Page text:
A Decade Later: Gulf War Illnesses Remain a Mystery

From: "Bruce K. Melson" <doc32751@cookeville.com>

Subject: A Decade Later: Gulf War Illnesses Remain a Mystery
Date: Wed, 9 Aug 2000 15:28:50 -0500
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Subject  A Decade Later: Gulf War Illnesses Remain a Mystery


Press Service wrote:


 Linda D. Kozaryn

 American Forces Press Service

 WASHINGTON, Aug. 8, 2000 -- After numerous medical studies and battlefield recreations, defense officials have yet to learn why tens of thousands of Gulf War veterans are sick.

 Nearly 10 years after U.S. troops and coalition partners forced Saddam Hussein's Iraqi invaders out of Kuwait, Bernard Rostker talked about DoD's quest for the causes of Gulf War illnesses. The undersecretary of defense for personnel and readiness and head of DoD's Gulf War illnesses office readily acknowledged his team has not attained its ultimate goal.

 "I wish I could tell you that we knew what was making them sick," Rostker said in an early August interview. "But, at this point, we don't have a good idea of why some are sick and some are not sick."

 Defense officials take veterans' concerns about exposure to gas, biological and other agents seriously, he stressed. "I know how frustrating it is for the veterans. We're not blowing them off. We've tried to work very hard over the last three years with them to be respectful of their concerns and do the best job we can researching possible causes."

 When defense officials began seeking answers they hoped to identify patterns of illness, he said. "We were hoping we would be able to possibly find events that were consistent with concerns of the veterans and their health status," Rostker said. "Unfortunately, there is not a clear pattern of illness, and there's not a clear indication of why our service members are ill."

 Following up on one sick veteran who had served in a company of 200, for example, investigators found none of the others reporting same illness. "It's very difficult to pin it to an environmental exposure when you have so many people who shared environments who are not coming up with the same concerns," he said.

 Since the Gulf War illnesses office opened in November 1996, Rostker and his team of up to 180 people have conducted investigations, producing more than 30 reports. The office has run numerous medical studies and methodically tried to recreate what happened in the gulf.

 "With the exception of the low-level release associated with the demolition at the ammunition dump at Khamisiyah (Iraq), we don't see -- and neither does the United Nations see -- a release of chemical weapons on the battlefield," Rostker said.

 The General Accounting Office, two presidential advisory commissions and a special Senate investigative unit have reviewed the work. "We've had myriads of hearings before the government oversight committee," he said. "No one has been able to come to a definitive answer about why service members are sick."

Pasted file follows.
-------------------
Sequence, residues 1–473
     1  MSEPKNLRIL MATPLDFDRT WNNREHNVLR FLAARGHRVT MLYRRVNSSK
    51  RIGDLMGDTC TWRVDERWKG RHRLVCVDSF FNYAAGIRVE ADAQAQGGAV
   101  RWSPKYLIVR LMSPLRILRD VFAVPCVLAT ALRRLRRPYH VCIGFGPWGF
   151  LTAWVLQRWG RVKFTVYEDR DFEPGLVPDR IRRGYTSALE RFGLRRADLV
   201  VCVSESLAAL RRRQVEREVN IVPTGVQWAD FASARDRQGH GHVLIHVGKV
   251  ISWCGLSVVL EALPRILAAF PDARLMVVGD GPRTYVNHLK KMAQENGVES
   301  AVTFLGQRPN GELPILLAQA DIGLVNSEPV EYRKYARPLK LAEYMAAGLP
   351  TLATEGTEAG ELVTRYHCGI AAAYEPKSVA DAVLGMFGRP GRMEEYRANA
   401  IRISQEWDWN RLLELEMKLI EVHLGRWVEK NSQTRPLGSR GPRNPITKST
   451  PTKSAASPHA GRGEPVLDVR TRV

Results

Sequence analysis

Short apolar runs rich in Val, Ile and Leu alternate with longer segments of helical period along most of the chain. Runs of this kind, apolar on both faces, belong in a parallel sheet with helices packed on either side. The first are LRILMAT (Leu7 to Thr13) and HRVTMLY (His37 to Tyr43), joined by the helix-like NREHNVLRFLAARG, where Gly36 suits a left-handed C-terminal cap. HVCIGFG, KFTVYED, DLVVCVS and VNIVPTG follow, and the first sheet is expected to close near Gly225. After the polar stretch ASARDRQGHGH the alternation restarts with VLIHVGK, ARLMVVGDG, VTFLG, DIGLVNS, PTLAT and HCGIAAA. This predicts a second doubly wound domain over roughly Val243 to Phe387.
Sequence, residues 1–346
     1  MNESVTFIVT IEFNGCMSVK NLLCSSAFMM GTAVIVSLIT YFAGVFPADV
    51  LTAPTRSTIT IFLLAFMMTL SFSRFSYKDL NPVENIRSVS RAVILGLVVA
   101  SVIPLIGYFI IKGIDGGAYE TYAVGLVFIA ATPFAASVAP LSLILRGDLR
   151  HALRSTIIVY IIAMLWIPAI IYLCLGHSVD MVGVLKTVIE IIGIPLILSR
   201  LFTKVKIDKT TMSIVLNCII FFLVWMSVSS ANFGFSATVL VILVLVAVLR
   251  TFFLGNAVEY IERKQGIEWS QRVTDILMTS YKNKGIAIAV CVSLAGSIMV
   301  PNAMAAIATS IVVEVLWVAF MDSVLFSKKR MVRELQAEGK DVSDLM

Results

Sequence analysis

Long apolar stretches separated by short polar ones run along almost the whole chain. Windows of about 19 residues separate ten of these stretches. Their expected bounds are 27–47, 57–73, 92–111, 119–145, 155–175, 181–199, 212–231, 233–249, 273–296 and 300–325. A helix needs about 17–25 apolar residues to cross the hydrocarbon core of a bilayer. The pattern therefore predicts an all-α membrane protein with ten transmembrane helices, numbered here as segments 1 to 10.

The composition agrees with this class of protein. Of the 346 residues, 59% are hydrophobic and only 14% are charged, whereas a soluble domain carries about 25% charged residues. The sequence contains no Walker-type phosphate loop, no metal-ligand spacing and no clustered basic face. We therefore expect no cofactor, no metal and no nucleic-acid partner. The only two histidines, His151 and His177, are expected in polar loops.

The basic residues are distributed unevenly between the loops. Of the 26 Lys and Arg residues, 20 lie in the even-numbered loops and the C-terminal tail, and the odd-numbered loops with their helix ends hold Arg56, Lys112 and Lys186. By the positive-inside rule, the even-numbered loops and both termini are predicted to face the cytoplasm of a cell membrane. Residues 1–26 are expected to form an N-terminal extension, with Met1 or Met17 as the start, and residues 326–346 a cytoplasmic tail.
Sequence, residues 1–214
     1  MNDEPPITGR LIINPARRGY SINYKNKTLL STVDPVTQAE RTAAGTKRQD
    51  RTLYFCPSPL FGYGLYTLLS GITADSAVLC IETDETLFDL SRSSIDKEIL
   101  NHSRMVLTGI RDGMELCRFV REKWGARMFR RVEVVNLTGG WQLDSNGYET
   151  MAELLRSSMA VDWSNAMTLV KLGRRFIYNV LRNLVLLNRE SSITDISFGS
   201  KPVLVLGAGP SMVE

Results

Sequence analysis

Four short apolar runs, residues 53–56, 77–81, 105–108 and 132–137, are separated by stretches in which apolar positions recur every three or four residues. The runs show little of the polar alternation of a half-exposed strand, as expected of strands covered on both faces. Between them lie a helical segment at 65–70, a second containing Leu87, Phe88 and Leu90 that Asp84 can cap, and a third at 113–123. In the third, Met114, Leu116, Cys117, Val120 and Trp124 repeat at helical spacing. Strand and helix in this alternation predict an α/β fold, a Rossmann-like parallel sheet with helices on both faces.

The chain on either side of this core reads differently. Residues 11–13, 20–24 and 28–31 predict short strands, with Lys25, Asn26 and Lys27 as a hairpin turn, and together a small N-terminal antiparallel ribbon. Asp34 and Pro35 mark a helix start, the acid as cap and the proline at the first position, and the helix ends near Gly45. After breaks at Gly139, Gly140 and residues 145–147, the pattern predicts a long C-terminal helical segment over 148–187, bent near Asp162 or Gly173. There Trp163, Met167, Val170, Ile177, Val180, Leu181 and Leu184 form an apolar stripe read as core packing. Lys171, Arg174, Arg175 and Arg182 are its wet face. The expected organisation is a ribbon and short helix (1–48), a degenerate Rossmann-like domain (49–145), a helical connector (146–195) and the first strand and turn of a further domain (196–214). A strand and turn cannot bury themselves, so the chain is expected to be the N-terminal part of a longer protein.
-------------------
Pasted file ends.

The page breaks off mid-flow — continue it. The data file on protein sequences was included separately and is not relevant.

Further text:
Rostker's office is now wrapping up its efforts, closing out remaining Gulf War investigations. Defense Secretary William S. Cohen has broadened the scope of the Gulf War illnesses office and renamed it the Office of the Special Assistant for Gulf War Illnesses, Medical Readiness and Military Deployments.

 A presidential special oversight board, led by former Sen. Warren G. Rudman, supported DoD's proposal to give the office a broader venue to look at all deployments, Rostker said. "We will be there as advocates for our service members to make sure records are maintained so we can provide the data necessary to do a better job in recreating what has happened in any future deployment."


 Rostker stressed that the end of the Gulf War illness office does not mean the end of DoD's concern for Gulf War veterans. "We're not giving up on Gulf War veterans," he said. "We will investigate any case that looks like it has a plausible contribution to the health concerns, but we're frankly out of leads."


 Medical research is also continuing on birth defects and hospitalizations, as well as individual research projects looking at the so-called cocktail effect, he said. "We'll be carrying on research on pesticides well into the next year."


The new office will address veterans' concerns on any conflict. "The ultimate compliment to the Gulf War veterans is that we don't want to repeat the poor performance of the department again," Rostker said. "The best way to avoid that is to have a small, but flexible, organization that can meet the concerns not only of today's veterans, but of tomorrow's veterans."


 As in the past, the office will continue to provide a forum for service members and veterans to discuss their deployment concerns via the Internet and toll-free telephone numbers. Defense officials say one of the lessons learned from the Gulf War is that veterans have a desire for information and an expectation that their questions will be answered.


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